It's been a couple of months since Monika Shergill took over as Director, International Originals, Netflix. She says she feels empowered as with Netflix there is an opportunity to tell untouched Indian stories across continents. "Everything is done to enable great stories to come out."
Shergill knows about stories. She was the brain behind shows like Jassi Jaisi Koi Nahin (the Indian adaptation of Ugly Betty), Dil Mil Gaye (an adaptation of Grey's Anatomy), Masterchef India and Satyamev Jayate. But OTT, she says, enables her to connect with consumers one-on-one. While TV is about family viewing, OTT allows consumers to see content of personal choice. From crime thrillers to legal dramas and individualistic themes, OTT platforms have been experimenting with differentiated content. "You have the ability to tell stories to people who can see content on personalised devices and that gives the freedom to tell stories that have never been told before."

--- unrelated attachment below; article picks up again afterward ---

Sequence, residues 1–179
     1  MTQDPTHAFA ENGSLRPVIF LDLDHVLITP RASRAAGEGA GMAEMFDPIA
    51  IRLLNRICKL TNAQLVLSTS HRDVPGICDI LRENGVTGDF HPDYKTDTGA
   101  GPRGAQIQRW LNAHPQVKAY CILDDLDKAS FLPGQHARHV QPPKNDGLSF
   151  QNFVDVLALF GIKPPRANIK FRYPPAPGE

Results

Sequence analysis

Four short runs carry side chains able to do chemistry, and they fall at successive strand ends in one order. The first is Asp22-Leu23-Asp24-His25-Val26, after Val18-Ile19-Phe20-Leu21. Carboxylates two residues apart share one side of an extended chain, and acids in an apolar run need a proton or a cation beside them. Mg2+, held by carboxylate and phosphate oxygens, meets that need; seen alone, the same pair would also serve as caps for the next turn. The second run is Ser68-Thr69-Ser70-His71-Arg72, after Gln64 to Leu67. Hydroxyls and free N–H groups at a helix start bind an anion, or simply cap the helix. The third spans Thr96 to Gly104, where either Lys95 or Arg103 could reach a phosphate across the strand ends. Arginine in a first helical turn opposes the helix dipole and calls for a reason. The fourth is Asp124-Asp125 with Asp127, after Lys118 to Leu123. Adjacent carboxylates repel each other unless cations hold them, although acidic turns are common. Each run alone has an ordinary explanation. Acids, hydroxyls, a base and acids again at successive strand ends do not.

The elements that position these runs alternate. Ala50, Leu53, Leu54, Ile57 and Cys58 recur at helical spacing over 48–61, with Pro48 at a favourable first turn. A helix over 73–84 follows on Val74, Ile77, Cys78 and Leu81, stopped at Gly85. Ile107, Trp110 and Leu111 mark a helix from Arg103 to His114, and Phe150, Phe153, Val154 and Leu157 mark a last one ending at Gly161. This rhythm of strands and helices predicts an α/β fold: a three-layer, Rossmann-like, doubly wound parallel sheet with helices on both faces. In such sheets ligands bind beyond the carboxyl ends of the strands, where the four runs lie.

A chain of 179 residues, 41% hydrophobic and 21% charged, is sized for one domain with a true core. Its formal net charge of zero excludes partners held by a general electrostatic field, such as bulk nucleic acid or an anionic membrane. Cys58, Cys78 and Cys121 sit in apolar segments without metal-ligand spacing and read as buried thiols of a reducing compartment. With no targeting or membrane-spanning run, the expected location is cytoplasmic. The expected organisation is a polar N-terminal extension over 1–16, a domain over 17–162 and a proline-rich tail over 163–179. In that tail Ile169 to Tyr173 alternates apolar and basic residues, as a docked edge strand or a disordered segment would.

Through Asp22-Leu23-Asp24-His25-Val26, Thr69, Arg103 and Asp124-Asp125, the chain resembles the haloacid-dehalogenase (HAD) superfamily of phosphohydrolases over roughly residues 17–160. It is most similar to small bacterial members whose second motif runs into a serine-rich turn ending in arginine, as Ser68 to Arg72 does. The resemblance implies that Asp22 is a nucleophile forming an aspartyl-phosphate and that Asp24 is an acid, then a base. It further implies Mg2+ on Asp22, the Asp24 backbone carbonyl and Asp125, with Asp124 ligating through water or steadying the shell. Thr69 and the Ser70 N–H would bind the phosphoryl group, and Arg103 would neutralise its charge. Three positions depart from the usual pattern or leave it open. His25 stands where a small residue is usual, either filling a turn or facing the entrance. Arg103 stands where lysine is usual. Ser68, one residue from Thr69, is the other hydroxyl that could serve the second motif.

According to some estimates, at the end of 2018, the subscriber base of Netflix in India had crossed a million.
Shergill, however, also believes that irrespective of the medium on which the story is being told, a story can't please everyone. "Different stories are for different people and a storyteller shouldn't try to please everyone. You have to be sure who you are telling the story to."
Are women better story-tellers than men? Shergill refrains from talking about who is better, but she does say that women are more sensitive storytellers. "That's how we are wired. We are also better listeners as we are more compassionate and that makes us sensitive in our choices. If more women's voices come out in the creative world, it will definitely lead to better stories."